“Why should we live with such hurry and waste of life?” So queries Henry David Thoreau in the chapter, “What I Live For” in Walden. Reading the context reveals that even in the mid-1800s it seemed to Thoreau that many people scurried here and there with alacrity engaging in activities that did not contribute to a foundational sense of well-being. For the author, simply accruing wealth and a big pile of toys often left one with a life not characterized by joy, meaning, and peace.
In O’Hara’s Choice by Leon Uris, Amanda writes to her lover Zachary about “living a life of important intent.” Important intent is built upon bedrock values, and Uris would agree with Thoreau that self-interest as one’s support structure quite often leads to a sense of unfulfillment and pointlessness.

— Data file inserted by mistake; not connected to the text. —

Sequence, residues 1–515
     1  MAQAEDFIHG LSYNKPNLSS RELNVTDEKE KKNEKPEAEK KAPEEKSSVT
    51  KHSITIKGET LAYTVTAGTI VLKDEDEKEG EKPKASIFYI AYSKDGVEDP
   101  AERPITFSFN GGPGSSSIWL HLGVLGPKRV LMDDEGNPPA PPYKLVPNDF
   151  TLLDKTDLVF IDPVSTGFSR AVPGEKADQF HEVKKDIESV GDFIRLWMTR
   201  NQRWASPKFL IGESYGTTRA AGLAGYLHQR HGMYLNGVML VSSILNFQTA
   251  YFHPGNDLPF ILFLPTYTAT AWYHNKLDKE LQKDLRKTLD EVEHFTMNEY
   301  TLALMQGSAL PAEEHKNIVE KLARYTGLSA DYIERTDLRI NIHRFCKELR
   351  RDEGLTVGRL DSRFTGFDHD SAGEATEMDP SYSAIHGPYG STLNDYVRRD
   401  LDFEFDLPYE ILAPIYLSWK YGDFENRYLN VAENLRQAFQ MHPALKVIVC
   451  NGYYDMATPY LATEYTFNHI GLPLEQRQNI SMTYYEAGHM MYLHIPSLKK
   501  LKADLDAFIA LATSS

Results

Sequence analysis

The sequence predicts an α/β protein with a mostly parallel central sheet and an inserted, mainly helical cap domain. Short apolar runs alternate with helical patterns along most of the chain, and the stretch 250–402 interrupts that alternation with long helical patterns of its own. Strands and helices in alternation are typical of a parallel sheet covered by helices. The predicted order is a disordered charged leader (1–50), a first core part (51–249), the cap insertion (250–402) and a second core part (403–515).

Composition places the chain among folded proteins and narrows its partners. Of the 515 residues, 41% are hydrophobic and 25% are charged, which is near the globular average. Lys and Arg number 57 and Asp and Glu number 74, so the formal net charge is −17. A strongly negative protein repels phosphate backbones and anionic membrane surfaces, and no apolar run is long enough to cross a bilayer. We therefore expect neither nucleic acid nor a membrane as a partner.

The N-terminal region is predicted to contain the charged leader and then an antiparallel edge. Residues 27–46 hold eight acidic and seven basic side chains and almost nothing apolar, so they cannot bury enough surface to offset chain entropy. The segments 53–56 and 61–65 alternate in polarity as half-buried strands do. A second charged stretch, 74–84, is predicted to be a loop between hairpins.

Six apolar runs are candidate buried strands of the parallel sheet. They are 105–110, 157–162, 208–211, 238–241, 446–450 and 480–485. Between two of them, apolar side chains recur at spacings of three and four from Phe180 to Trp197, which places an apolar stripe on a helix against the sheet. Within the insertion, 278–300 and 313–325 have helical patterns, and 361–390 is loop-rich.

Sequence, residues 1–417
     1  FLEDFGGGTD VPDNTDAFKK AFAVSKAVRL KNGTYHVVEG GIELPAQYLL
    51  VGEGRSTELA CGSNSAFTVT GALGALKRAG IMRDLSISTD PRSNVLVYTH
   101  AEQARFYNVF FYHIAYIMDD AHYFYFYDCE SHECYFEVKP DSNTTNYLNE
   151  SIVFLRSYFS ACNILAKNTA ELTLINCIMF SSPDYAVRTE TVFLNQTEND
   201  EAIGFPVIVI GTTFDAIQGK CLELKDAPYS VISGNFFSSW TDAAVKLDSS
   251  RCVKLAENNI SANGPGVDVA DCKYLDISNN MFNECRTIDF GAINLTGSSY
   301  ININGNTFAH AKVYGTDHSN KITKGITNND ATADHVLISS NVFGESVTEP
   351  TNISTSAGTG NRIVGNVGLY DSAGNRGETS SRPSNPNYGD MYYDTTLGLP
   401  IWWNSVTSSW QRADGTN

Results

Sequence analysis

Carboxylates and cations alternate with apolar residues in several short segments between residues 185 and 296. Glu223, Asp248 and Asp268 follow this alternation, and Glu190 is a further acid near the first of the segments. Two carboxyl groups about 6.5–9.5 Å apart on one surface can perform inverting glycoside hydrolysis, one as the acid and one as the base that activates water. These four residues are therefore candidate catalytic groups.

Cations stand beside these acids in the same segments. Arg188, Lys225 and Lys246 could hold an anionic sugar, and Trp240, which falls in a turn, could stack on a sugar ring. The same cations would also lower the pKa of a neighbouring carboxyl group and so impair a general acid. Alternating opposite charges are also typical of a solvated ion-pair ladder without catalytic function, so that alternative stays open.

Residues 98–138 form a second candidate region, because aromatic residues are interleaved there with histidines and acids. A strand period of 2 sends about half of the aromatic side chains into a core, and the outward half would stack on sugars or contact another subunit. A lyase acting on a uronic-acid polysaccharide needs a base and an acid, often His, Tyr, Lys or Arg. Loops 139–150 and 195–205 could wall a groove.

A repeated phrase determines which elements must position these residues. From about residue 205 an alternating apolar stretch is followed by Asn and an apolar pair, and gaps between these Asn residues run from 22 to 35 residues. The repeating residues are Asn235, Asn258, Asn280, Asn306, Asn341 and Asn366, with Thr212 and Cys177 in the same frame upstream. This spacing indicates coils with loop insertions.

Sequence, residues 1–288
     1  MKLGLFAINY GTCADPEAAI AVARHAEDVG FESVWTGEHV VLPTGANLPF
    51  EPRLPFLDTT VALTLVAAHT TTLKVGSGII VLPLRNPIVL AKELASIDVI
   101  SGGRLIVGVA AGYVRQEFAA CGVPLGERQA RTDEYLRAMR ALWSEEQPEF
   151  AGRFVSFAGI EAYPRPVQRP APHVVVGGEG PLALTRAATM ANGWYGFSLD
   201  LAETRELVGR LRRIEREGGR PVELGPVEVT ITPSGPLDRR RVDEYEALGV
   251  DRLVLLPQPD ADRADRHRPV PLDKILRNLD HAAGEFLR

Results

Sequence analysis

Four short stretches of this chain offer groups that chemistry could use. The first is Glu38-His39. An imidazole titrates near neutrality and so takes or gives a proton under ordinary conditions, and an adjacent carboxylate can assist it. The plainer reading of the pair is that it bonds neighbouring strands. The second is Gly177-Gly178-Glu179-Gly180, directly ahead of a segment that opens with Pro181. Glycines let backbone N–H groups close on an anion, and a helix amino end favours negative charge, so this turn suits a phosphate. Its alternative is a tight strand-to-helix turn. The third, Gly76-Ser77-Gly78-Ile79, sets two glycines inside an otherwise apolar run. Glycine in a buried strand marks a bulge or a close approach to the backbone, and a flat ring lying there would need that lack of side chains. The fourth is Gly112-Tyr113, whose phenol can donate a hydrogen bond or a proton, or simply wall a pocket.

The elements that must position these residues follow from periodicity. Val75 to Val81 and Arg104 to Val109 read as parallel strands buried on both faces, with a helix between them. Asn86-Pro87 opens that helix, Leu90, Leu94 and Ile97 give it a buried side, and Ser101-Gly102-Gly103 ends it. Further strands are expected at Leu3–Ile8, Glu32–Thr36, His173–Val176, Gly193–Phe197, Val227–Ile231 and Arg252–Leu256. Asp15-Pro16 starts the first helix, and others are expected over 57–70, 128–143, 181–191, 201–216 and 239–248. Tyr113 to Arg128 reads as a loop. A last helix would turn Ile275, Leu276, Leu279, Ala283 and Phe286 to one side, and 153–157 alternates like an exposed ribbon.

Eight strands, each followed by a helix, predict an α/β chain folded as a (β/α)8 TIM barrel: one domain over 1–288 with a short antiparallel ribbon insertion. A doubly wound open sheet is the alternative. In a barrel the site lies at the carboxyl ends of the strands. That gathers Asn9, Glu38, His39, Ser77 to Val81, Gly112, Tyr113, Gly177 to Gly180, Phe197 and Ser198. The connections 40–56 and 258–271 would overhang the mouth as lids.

This from Mahatma Gandhi: “The best way to find yourself is to lose yourself in the service of others.” Of course, self-interest inherent in each person’s makeup, but the path to a worthwhile life is keeping it low-key in relation to a concern for others. The philosophical economist Adam Smith put it this way: “To feel much for others and little for ourselves; to restrain our selfishness and exercise our benevolent affections, constitute the perfection of human nature.”
Last quote. A fellow named Paul wrote a couple of thousand years ago (paraphrase of the Greek): “Don’t push your way to the front; don’t sweet-talk your way to the top. Put yourself aside, and help others get ahead. Don’t be obsessed with getting your own advantage. Forget yourselves long enough to lend a helping hand.” Try to imagine what a world would look like if everybody live by this principle.